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consider direct product of two finite groups, one is cyclic and the other one is not, is the direct product cyclic?

if both groups are not cyclic,what we can say about direct product of them?

I think if one of them is cyclic, the direct product is not cyclic,because for second group there is no generator and the generator of cyclic group doesn't effect on the second group,I think the same argument is right when both groups are non-cyclic,it will be great if you guide if I am wrong,thanks.

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  • $\begingroup$ Why don't you look at a direct product of, say, $\Bbb Z_2$ with a small symmetric group, or a small dihedral group? $\endgroup$ – pjs36 Apr 1 '15 at 15:48
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Any quotient group of a cyclic group is cyclic. So if you have a direct factor that is not cyclic, the group itself cannot be.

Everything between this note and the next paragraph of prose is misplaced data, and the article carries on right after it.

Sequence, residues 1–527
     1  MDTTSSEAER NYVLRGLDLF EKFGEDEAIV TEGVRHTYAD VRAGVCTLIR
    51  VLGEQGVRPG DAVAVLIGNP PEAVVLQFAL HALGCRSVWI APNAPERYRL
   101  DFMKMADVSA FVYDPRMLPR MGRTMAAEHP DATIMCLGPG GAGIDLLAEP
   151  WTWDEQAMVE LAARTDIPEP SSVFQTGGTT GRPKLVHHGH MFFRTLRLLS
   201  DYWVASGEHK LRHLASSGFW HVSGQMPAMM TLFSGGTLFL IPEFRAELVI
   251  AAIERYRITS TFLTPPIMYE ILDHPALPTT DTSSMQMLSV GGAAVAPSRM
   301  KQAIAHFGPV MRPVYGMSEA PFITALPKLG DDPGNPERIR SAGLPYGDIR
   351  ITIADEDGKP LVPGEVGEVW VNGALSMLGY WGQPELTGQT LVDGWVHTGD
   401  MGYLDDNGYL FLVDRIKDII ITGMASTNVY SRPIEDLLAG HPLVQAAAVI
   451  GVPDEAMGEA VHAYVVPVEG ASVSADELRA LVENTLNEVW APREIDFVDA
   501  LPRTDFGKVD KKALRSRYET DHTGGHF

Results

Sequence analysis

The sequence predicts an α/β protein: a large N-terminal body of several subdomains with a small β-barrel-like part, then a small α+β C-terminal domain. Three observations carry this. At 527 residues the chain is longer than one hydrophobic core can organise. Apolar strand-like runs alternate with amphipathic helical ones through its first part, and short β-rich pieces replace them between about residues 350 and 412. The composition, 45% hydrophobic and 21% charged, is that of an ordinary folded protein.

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For any finite group $G$, you can define the exponent $\exp G$ of $G$ to be the least natural number $N$ such that $g^N=e$ for all $g\in G$. It's clear that if $G$ is a cyclic group of order $n$, then $\exp G=n=\text{card}(G)$, in fact, the converse is also true: if $\exp G=\text{card}(G)$, then $G$ is a cyclic group (when $G$ is abelian, the proof is not so hard). Also it's easy to see that $\exp (G\times H)=\text{LCM}\ (\exp G,\exp H) $. From these properties, it can be proved that $G\times H$ is cyclic iff both $G$ and $H$ are cyclic and their orders are coprime.

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  • $\begingroup$ I wonder how this never got an upvote. +1 $\endgroup$ – Cauchy Aug 14 '17 at 7:38
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If the product of a cyclic group $C$ by another group $G$ is abelian, then $G$ is abelian, since it is a quotient of $C\times G$.

Similarly if the product of $C$ by $G$ is cyclic, $G$ is cyclic. This proves the product can be cyclic, nor abelian.

If both groups are not cyclic all that can be said is the product can't be either.

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